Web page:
Park Commissioner T. McCarthy Fennell was no supporter of the early bear pit and called for it to be replaced with iron cages to prevent the possibility of children falling into the pit.  The paper commented,  "It will be remembered that this bear pit has caused more bitterness in local politics than all other things combined, and Mr. Fennell is certainly a daring commissioner to even hinting at its removal, desecration or substitution."

Although Fennell's changes don't appear to have been instituted, his fears were not unwarranted.  In 1891, a boy nearly fell in the pit, but "was rescued with the loss of his hat, and while the Ursus Americani made tatters of his head-gear, he was led away, meek-eyed and shame-faced, but prayerfully thankful that the bears had nothing more animate than a twenty-five cent hat to exercise their jaws upon." Also, by the early 1900s people lamented the condition of the pit, noting its corroding railings and foul odor.  

Stereoscope card showing bears in the pit.  The construction date, 1891, is shown above the door.

Dangers to people aside, the pit also wasn't a great place for the bears.  A group of 4th of July revelers were broken up after they were discovered throwing peanuts and firecrackers into the pit.  The bears normal hibernation patterns were also interrupted as they were kept in the pit year round. 

The biggest danger to the bears, however, came from fights.  There was apparently an annual spring bear fight in the pit.  Bear fights and bear-baiting have a long, violent history as popular entertainment throughout the world, and they were apparently enjoyed here, as well.  The 1906 fight left the female Grizzly dead and left the male, Bruin, with "no wife to growl at or mate to fight... If it was a family jar, it probably resulted from a bear hug."  The year before, the female Grizzly, Queen, killed the smaller Cinnamon bear and had to be beaten off her victim with iron poles.     
A bear in a show from an unidentified location (possibly not related to the bear pit)
I'm not sure how long the bear pit remained at Eldridge Park, but we have architectural drawings showing planned renovations to the pit as late as 1937.   
Plans for renovations to the bear pit, 1937
 The bear pit is a violent part of our local history, but one that is worth remembering.  Bears have since been and are still used for entertainment, often abusively.  However, views on animal welfare have fortunately changed in recent decades, so hopefully bear pit culture is behind us.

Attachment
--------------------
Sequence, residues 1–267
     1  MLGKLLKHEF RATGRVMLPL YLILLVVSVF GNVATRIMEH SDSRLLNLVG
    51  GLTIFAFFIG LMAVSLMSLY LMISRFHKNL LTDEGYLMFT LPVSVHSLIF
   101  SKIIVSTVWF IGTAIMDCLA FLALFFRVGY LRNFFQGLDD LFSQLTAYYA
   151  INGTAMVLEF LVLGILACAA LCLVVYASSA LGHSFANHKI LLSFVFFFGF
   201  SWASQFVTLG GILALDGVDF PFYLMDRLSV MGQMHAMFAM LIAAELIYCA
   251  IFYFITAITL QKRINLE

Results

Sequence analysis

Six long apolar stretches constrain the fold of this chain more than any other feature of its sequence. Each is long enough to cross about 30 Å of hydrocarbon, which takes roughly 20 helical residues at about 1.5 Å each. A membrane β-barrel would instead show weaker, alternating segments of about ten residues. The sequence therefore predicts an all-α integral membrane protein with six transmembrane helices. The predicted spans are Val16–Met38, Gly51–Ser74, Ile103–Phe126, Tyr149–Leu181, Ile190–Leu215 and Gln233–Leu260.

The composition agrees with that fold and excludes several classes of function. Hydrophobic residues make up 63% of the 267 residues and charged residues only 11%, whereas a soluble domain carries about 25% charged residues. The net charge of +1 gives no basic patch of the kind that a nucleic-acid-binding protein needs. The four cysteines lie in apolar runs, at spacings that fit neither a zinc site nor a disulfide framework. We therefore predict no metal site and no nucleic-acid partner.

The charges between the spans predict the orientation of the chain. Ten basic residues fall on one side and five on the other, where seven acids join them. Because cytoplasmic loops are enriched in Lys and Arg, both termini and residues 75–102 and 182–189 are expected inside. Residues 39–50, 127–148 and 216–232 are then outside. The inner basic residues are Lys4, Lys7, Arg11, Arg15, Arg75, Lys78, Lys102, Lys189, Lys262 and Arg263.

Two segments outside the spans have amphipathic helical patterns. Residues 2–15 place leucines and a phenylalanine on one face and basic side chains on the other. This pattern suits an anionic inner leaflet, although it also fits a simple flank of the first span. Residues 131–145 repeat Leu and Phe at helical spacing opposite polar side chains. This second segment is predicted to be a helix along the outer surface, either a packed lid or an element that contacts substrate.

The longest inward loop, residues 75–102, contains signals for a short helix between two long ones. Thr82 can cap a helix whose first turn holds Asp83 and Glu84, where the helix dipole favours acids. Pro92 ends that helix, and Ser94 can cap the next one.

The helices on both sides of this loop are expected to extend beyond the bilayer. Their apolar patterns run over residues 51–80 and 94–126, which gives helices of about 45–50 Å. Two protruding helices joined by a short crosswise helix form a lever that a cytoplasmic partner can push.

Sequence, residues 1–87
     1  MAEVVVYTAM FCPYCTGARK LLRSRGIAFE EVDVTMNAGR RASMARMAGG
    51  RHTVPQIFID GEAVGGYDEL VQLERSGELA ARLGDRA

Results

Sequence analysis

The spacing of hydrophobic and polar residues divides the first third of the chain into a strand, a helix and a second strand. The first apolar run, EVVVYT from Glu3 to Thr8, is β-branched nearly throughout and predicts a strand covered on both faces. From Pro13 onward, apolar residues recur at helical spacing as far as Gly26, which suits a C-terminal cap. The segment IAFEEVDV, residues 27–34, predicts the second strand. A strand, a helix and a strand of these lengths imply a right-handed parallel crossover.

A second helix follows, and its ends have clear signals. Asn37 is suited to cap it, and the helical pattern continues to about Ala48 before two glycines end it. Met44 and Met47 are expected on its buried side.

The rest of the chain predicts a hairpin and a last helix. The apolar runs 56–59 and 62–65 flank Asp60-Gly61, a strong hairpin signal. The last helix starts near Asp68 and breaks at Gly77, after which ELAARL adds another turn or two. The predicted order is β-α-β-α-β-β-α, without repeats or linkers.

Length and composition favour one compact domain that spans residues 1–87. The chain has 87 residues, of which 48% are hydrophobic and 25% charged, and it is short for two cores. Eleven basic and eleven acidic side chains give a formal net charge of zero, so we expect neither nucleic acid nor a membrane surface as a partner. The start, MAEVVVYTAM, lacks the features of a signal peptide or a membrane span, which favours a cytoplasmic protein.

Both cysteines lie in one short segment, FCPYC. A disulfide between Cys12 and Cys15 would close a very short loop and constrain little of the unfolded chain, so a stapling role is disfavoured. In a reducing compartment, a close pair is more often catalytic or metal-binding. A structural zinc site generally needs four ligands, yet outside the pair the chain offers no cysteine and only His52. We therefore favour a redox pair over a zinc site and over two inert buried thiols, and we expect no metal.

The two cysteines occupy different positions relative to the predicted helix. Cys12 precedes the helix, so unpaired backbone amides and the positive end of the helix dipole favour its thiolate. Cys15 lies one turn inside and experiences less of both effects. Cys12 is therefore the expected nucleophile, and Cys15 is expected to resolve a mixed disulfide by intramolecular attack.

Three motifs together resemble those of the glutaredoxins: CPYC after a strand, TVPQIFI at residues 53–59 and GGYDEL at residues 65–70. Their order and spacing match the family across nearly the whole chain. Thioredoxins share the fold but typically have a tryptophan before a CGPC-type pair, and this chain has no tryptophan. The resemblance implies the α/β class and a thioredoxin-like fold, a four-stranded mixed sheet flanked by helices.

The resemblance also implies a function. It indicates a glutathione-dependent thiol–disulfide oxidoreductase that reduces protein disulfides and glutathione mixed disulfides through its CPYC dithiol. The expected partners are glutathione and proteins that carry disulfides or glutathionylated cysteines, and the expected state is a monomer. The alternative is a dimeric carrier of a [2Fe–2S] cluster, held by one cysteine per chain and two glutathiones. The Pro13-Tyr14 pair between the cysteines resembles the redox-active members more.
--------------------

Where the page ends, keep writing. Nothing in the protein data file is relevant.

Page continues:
Bear in a show, 20th century.

Monday, March 24, 2014


by Erin Doane, Curator

It’s that time of year when I start thinking about my summer getaway.  This year I think I will spend some time on a lake in the Adirondacks.  Getting out of the big city of Elmira and back to nature is not a thought unique to me.  Around the turn of the 20th century, Elmirans went to Bohemia-on-the-Chemung for that type of experience.  Just a short trip up the river, Bohemia provided a perfect location to enjoy cool breezes, fishing and camping.  In the 1890s, small cottages began popping up along the river bank.

In 1895 members of the Pine Cliff Club, Elmira’s first outdoor organization, built their clubhouse in Bohemia-on-the-Chemung.  Pine Cliff was an exclusive club made up of members of Elmira’s most prestigious and influential families.  At the clubhouse, they enjoyed lobster roasts, clam bakes and venison dinners and swimming, fishing and boating parties.  The club was known for entertaining many notable guests from theatrical, military, political and business circles.
Sign from the Pine Cliff Club
Members of the Pine Cliff Club, 1902
Bohemia was a popular summer vacation spot but the idyllic location was not without danger.  In July of 1914, the first rattlesnake of the year was killed on an island just west of Bohemia-on-the-Chemung.  And there was always the danger of drowning on the river.  A June 13, 1898 Elmira Daily Gazette article reported that “Bohemia Was All Excitement Last Night” when one of two boats taking a spin on the river capsized and two men went into the water.  Drowning was averted, however, when the men realized that they were in only three feet of water.

One of the men in the boat that did not capsize that day in 1898 was Claude Eldridge Toles, an occasional visitor to Bohemia.  Toles was an artist born in Elmira in 1875.  His earliest job was as a clerk at Harris’s dry goods store but he had a passion for drawing.  He was friends with Horseheads resident and cartoonist for Judge, Eugene “Zim” Zimmerman, who also served as a sort of mentor.  Zim is thought to have helped Toles get his job as a cartoonist at the Elmira Telegram.  Toles created article headers, illustrations for stories and political cartoons while there.  He also sold cartoons to the Philadelphia Press, the New York Herald, the New York Journal and the Texas Sandwich, a comic periodical.  Toles’ life was cut short in 1901 when he died at the age of 25.
Political drawing by C.E. Toles, 1892
I never knew when I started looking into Bohemia that I would “discover” another Elmira artist.  I found two wonderful sites online with information about his life and works that I just have to pass along: